Description: signed and dated l.l.: C.SPENCELAYH./ 1947
THE EMPTY CHAIR
Dimensions: 59 by 48 cm. ; 23 by 19 in.
Medium: oil on canvas
Exhibited: Royal Academy, 1947
Notes: One of the greatest charms of Spencelayh's interiors is in his placing of a pleasant-faced old gentleman or comely young lady among arrayed items of bric-a-brac and furniture, which remind us of the houses of our parents and grandparents. The old chairs around the table that don't match, a prized teapot with a chipped lid handed down through the family and the miscellany of prints and old paintings which cluttered the walls; these all have their quaint appeal. Among the items in The Empty Chair is one of the many thousands of prints printed by Pears soap manufacturers of John Everett Millais' painting Bubbles (Royal Academy of Art). These everyday recognisable objects which evoke feelings of nostalgia and cosy contentment, touch us on an emotional level, whilst the hints of an unfolding narrative absorbs us completely into the intimacy of these domestic worlds. Every element is captured with loving care, from the finely observed expression of the gentleman lost in a daydream to the peeling wallpaper. The dexterity that Spencelayh demonstrates in the rendering of something as ordinary as the well-worn carpet or crinkled tablecloth demonstrates the artist's affection for these trappings of civilised normality and national pride with which we surround ourselves behind every dining room door. These arrayed items were of course the decorations of Spencelayh's own home (note the blue and white vase on the side table which appears in Lot 75) and the world depicted is very much the world of Spencelayh, peopled by figures that he depicted with an understanding and tenderness which is both beautiful and moving.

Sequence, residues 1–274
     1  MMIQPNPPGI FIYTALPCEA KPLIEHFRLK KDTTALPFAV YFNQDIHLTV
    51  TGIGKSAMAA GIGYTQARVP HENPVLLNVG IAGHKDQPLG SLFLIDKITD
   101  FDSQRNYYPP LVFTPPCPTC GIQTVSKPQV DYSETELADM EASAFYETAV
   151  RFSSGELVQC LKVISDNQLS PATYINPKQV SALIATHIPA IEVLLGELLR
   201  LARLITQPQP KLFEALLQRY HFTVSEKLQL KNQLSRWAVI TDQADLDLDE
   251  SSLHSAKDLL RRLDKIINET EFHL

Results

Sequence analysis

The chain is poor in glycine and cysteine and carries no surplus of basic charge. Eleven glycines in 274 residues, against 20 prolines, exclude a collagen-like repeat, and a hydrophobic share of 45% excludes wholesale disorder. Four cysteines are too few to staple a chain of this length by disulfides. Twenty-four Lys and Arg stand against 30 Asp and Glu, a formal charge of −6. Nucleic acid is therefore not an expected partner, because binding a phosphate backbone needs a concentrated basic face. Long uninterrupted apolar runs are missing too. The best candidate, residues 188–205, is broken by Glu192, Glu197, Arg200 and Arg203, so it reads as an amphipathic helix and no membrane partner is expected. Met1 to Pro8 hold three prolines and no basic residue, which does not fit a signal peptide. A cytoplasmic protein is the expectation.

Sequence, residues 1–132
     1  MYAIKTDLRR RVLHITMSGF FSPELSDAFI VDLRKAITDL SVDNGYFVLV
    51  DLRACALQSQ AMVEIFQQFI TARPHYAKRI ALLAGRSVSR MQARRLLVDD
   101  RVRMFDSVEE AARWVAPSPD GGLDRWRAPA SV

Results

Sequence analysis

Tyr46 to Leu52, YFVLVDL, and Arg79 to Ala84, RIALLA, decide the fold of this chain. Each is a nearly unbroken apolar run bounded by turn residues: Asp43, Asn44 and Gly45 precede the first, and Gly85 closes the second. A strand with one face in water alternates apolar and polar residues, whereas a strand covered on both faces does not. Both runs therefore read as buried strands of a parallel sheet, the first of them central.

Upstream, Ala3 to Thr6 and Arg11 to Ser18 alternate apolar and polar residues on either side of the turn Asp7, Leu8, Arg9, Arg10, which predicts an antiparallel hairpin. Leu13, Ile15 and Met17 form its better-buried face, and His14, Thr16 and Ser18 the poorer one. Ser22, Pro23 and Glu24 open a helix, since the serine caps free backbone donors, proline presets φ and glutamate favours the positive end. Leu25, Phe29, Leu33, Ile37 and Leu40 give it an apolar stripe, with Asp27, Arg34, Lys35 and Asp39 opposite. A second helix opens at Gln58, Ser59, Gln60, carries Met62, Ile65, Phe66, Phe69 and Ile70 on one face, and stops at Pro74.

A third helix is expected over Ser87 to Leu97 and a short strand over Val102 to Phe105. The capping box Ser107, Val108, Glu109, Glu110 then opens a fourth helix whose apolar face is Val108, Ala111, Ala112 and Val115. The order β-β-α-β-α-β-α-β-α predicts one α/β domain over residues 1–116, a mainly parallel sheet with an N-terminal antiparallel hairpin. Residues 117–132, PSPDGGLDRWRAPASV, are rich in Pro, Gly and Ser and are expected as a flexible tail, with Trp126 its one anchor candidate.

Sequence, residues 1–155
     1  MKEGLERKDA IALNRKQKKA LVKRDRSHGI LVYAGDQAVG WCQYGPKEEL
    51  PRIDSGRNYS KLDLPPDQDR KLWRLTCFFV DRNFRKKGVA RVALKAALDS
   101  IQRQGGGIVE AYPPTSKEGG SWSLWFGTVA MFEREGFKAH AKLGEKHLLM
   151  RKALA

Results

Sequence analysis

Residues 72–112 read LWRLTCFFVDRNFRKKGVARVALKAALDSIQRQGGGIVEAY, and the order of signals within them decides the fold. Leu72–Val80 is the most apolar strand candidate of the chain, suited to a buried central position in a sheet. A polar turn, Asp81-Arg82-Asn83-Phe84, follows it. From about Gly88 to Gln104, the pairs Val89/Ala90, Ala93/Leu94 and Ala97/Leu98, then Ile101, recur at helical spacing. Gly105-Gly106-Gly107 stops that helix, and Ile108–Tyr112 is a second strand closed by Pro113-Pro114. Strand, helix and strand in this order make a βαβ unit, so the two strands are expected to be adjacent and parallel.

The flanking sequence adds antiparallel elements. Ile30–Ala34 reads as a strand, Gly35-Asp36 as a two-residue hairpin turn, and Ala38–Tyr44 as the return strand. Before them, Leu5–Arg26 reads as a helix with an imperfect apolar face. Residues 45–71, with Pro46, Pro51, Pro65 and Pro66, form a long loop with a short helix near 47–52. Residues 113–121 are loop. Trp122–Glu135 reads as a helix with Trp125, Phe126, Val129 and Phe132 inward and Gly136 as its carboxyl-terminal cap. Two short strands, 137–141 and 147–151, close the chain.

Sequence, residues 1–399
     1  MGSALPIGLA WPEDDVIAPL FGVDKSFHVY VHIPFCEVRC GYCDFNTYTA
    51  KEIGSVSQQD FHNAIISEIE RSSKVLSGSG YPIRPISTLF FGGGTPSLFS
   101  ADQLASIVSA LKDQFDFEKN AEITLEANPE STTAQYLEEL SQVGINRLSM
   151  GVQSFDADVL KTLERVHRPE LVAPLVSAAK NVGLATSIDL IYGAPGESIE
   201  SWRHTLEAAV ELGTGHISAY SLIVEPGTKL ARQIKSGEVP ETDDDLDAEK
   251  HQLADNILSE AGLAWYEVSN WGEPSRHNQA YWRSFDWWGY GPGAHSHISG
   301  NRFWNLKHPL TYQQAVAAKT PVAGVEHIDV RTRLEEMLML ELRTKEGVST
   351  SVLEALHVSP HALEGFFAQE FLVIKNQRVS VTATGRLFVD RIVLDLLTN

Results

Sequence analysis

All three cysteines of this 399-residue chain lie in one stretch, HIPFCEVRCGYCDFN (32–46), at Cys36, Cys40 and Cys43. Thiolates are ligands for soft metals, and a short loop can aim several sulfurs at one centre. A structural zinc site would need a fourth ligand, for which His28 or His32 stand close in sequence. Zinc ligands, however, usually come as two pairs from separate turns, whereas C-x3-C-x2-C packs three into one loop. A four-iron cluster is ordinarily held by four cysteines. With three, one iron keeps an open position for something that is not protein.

The gentleman is alone now to take his tea, but still he takes the time to lay a table (albeit in a rather unpractised manner) and is dressed smartly even indoors. There is a sense of melancholy and absence but not of the hair-rending, breast-beating Victorian type; this is the depiction of the autumn of 'real life' where paintings hang on nails over wall paper which has seen better days and life goes on as it did before, with all it's comforting rituals and familiarities. Spencelayh presents a slice of life in much the same way as soap opera or modern documentary photography and we can all relate to these scenes with their lack of pretence and immediacy.
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